Ruby Tuesday Emerges from Bankruptcy 'a Healthier Company'

The Brand Has Closed Nearly 500 Stores in Four and a Half Years.

Photo Courtesy of PennLive.com.

Ruby Tuesday has emerged from bankruptcy “a healthier company,” CEO Shawn Lederman said Wednesday. It’s also significantly smaller.


Ruby Tuesday sought bankruptcy protection on October 7—a move that allowed it to shed liabilities, the company said. This included leases from closed locations burdened by COVID-19. The brand said it would permanently shutter 185 corporate units. When the pandemic hit, Ruby Tuesday was forced to furlough 7,000 employees and trim—to the above figure—its company-run footprint from 421 restaurants to 236.


Today, there are 209 corporate-owned and operated Ruby Tuesday stores across the country. Lederman said it emerges positioned “to be more efficient, competitive, and stable for the future.”


Ruby Tuesday had 724 restaurants in May 2016. It was public for 21 years until NRD Partners purchased it in 2017 and took it private. It was valued at $2.40 per share, or $146 million ($335 million if you include debt), and marked NRD Capital’s largest move to date. At that time, Ruby Tuesday had 541 locations.


According to FoodserviceResults, Ruby Tuesday earned $660 million in sales in 2019, a 9 percent drop from 2018.


The company said Wednesday Chapter 11 allowed it to “reinforce the brand’s commitment to its existing guests.” Meanwhile, it will also continue to develop virtual delivery-only brands “to capitalize on its core strengths and increases off-premises business as part of the company’s long-term growth plan.”


“We want to thank our employees, partners and creditors for helping to ensure our plan of reorganization was successful and we look forward to continuing quality service for our guests and communities for many years to come,” Lederman said.


Ruby Tuesday was advised through its reorganization by Pachulski Stang Ziehl & Jones LLP as legal counsel, CR3 Partners, LLC, as financial advisor, FocalPoint Securities, LLC, as investment banker, and Hilco Real Estate, LLC, as lease restructuring advisor and consultant.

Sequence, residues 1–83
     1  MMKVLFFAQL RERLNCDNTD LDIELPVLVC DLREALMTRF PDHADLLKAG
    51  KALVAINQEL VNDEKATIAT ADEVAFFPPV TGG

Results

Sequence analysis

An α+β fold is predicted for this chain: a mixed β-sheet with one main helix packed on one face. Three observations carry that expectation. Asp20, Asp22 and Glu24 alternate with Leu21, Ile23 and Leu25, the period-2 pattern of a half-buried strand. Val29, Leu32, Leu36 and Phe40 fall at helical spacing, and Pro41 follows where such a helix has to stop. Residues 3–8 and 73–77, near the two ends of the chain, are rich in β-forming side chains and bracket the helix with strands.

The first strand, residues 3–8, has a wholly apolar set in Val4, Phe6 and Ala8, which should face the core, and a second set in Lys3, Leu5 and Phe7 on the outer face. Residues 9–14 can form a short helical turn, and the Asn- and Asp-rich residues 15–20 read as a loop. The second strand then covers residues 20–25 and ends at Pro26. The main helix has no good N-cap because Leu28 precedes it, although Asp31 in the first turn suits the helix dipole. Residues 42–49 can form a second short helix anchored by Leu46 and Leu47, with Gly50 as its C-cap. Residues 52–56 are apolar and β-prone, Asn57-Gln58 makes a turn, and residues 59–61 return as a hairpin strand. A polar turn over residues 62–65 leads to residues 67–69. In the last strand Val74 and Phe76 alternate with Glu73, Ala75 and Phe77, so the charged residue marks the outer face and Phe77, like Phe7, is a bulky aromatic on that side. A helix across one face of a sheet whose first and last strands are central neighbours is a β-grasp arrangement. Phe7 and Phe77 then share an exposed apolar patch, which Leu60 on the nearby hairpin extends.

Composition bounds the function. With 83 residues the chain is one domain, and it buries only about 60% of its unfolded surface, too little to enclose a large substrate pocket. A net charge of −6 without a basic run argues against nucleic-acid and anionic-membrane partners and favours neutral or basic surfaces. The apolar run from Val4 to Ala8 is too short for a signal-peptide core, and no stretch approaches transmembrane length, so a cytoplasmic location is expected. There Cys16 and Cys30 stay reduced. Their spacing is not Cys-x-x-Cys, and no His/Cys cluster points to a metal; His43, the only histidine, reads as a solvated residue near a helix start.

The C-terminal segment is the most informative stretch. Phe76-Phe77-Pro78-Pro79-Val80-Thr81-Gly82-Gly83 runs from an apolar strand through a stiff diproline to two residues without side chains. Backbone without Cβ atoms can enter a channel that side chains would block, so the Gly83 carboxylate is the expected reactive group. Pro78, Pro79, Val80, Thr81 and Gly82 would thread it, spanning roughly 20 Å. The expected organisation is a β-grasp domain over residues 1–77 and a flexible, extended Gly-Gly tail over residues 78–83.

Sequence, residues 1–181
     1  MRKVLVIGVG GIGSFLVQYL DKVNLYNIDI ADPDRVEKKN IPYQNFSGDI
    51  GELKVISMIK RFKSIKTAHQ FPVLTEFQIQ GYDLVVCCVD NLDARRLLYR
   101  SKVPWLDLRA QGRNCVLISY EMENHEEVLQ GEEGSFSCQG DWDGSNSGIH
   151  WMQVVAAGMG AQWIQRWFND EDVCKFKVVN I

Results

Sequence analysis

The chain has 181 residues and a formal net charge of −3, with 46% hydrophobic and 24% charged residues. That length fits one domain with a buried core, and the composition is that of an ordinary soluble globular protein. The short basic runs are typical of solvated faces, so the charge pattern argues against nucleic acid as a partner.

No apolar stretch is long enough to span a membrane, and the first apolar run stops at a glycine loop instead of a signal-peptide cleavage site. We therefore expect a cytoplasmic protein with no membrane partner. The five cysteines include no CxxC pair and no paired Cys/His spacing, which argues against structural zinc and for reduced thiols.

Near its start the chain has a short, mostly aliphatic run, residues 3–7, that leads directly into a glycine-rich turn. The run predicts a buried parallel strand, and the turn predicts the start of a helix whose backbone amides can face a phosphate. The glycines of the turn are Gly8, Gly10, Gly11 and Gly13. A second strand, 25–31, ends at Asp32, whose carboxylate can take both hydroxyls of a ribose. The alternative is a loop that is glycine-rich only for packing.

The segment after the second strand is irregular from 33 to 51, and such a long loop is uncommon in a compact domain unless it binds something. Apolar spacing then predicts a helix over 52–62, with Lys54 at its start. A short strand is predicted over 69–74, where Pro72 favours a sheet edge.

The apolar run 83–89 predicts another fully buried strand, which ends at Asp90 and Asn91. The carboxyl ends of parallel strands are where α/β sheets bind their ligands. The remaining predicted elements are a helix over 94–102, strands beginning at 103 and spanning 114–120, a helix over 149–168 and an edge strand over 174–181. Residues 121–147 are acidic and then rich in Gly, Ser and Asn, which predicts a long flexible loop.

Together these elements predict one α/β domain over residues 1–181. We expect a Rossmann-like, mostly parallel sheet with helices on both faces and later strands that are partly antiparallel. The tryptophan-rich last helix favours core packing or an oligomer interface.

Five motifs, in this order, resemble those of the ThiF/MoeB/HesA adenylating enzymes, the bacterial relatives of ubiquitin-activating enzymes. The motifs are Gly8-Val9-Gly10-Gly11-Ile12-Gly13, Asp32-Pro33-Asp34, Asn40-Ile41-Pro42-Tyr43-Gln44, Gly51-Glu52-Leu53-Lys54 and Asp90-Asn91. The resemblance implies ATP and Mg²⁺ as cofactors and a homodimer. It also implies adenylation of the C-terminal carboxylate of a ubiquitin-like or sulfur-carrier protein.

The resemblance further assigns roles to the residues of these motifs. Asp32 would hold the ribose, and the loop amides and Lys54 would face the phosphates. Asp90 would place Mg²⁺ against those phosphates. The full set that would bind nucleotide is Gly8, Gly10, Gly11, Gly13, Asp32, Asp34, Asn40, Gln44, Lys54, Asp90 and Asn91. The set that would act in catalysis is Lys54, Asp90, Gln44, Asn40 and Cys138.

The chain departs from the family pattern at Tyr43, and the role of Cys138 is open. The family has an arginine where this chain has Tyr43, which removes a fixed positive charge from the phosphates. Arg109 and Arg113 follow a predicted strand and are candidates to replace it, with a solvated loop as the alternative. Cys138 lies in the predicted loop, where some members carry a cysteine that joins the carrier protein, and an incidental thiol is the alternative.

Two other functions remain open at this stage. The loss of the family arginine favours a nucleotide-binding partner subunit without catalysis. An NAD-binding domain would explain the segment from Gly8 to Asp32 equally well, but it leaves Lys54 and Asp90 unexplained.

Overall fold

Before filing bankruptcy in October, Ruby Tuesday and secured lenders entered a Restructuring Support Agreement to explore two options—to proceed under ownership of the secured lenders or facilitate a sale of assets. Ruby Tuesday didn’t receive a topping bid, or one sufficient enough to satisfy obligations to its lenders. So it instead pursed a debt/equity swap.


This plan was confirmed in early February after Ruby Tuesday presented an agreement to provide roughly $6 million to unsecured creditors. It had initially received approval to move forward with a sale process in November.


Unsecured creditors were set to receive $3 million in cash, including an initial distribution of $2 million after the effective date of the plan and a second, final distribution of $1 million to be paid no later than March 31, 2022. The group will also receive a $2 million note at a 5 percent interest rate if paid in cash and 33 percent of Ruby Tuesday’s recovery from a credit card processing fee class action lawsuit, which should surpass seven figures.


Ruby Tuesday owed $43 million under its credit facility and about $19 million in unsecured debt at the time of its bankruptcy filing.


The chain previously credited increased competition from fast-food and fast-casual brands for its downturn, along with decreased mall traffic, and the disruption of third-party delivery. COVID provided a swifter level of pressure as the company appreciated 90 percent of its business from dine-in pre-virus.


It’s struggles in recent years forced Ruby Tuesday to move out of compliance with certain financial covenants, leading to the closures of restaurants, the sell and lease-back of units, a decision to reduce corporate overhead by more than 45 percent, and investments in off-premises business. Ruby Tuesday, however, entered default in 2019 and 2020.


Source: 2021 FSR Magazine.

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